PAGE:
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P29 Infant postnatal prophylaxis (PNP) following maternal viraemia during breastfeeding with human immunodeficiency virus (HIV)
  1. Neil Tickner1,
  2. Emily Lees2,
  3. Hermione Lyall1,
  4. Paddy McMaster3,
  5. Birgitte Smith4,
  6. Lucy Cliffe5,
  7. Graham Taylor6,
  8. Caroline Foster1
  1. 1Imperial College Hospitals NHS Trust, London
  2. 2University of Oxford, Oxford Children’s Hospital
  3. 3Manchester University NHS Foundation Trust
  4. 4Hvidovre Hospital, Copenhagen University Hospital
  5. 5Nottingham University NHS Foundation Trust, Nottingham Children’s Hospital
  6. 6Department of Retrovirology, Imperial College London


Background Increasingly, women living with HIV in resource-rich settings are choosing to breastfeed, but experience in managing maternal viraemia during breastfeeding and transmission risks to the infant are limited. In low- to middle-income settings, the overall postnatal risk of HIV transmission via breast milk when women are treated with combination ART has been reported as 0.30 (95% CI 0.1–0.6) to 1.08% (95% CI 0.32–1.85) at 6 months.1 2

Method Case series from the Paediatric Virtual Clinic (PVC) including national and international referrals.

Results Case 1:

Term infant, mother suppressed on tenofovir disoproxil/emtricitabine, darunavir/ritonavir. Received 4 weeks of zidovudine (AZT) after birth; maternal and infant viral load (VL) at 0 and 6 weeks undetectable. At 3 months, maternal VL 760 copies/mL. Breastfeeding discontinued, infant started neonatal dose PNP (AZT 4 mg/kg/BD, Lamivudine(3TC) 2 mg/kg/BD, Nevirapine 4 mg/kg/OD). Following PVC discussion, changed to treatment doses: dolutegravir (DTG dispersible 5 mg/OD), 3TC (5 mg/kg/BD), AZT (12 mg/kg/BD) for one month.

Case 2:

Term infant, mother suppressed on DTG, abacavir, 3TC. Received 2 weeks of AZT after birth; maternal and infant VL at 0 and 4 weeks undetectable. At 1 month, maternal VL 451 copies/mL. Breastfeeding discontinued and infant started PNP (dosing as above). Dispersible DTG unavailable; DTG half 10 mg film-coated tablet administered. Following PVC discussion, increased to 10 mg whilst dispersible DTG obtained.

Case 3:

Three-year old exclusively breastfed for 6 months, ongoing nocturnal breastfeeds. New maternal HIV diagnosis after prolonged febrile illness; VL 126,381 copies/mL. Antenatal serology negative, child VL undetectable and antibody negative. Breastfeeding discontinued with difficulty, despite behavioural support and cabergoline provision (with dosing for established lactation). PNP commenced with DTG, 3TC, AZT for one month.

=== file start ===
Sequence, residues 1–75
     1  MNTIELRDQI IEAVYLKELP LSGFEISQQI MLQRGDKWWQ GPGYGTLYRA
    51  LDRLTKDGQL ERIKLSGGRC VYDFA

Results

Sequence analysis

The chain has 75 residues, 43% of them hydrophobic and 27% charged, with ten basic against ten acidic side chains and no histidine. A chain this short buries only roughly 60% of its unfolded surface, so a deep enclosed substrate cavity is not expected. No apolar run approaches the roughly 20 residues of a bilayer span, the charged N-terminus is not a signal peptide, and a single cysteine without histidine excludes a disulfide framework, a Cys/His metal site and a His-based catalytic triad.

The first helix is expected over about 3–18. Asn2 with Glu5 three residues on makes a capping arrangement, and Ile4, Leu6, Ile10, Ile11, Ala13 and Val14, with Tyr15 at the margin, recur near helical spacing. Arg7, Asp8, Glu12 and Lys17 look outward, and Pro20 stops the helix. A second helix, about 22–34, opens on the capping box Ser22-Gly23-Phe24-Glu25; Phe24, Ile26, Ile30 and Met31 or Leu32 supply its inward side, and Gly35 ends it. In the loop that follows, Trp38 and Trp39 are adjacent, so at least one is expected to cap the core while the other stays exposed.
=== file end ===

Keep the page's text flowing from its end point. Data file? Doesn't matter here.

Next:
All children were confirmed HIV uninfected 12 weeks post-PNP.

Conclusions These cases highlight the MDT challenges and paediatric clinical pharmacist expertise required to support interventional PNP in infancy and early childhood following maternal viraemia during breastfeeding. National guidelines are needed. Case 1 shows the importance of establishing the correct drug regime using treatment doses. Neonatal PNP dosing is not appropriate after 4 weeks of age and dolutegravir is a more appropriate third agent added to an NRTI backbone. Case 2 highlights the difference in bioavailability between dispersible and film-coated tablet DTG formulations; with dosing ratio of ~1:1.6 respectively. Although the barrier to resistance of DTG is high, treatment failure is reported with suboptimal drug levels. Maternal seroconversion during breast feeding causes up to 50% of mother-to-infant transmissions worldwide; Case 3 highlights the difficulty of prompt cessation of established breastfeeding despite pharmacological and family support, and consideration of the risk of transmission in an older child.


  1. Flynn P, Taha T, Cababasay MP, et al. Prevention of HIV-1 transmission through breastfeeding: Efficacy and safety of maternal antiretroviral therapy versus infant nevirapine prophylaxis for duration of breastfeeding in HIV-1-infected women with high CD4 cell count (IMPAACT PROMISE): a randomized, open label, clinical trial. J Acquir Immune Defic Syndr 2018;77:383–392.

  2. Bispo S, Chikhungu L, Rollins N, et al. Postnatal HIV transmission in breastfed infants of HIV-infected women on ART: a systematic review and meta-analysis. J Int AIDS Soc 2017;20:1–8.

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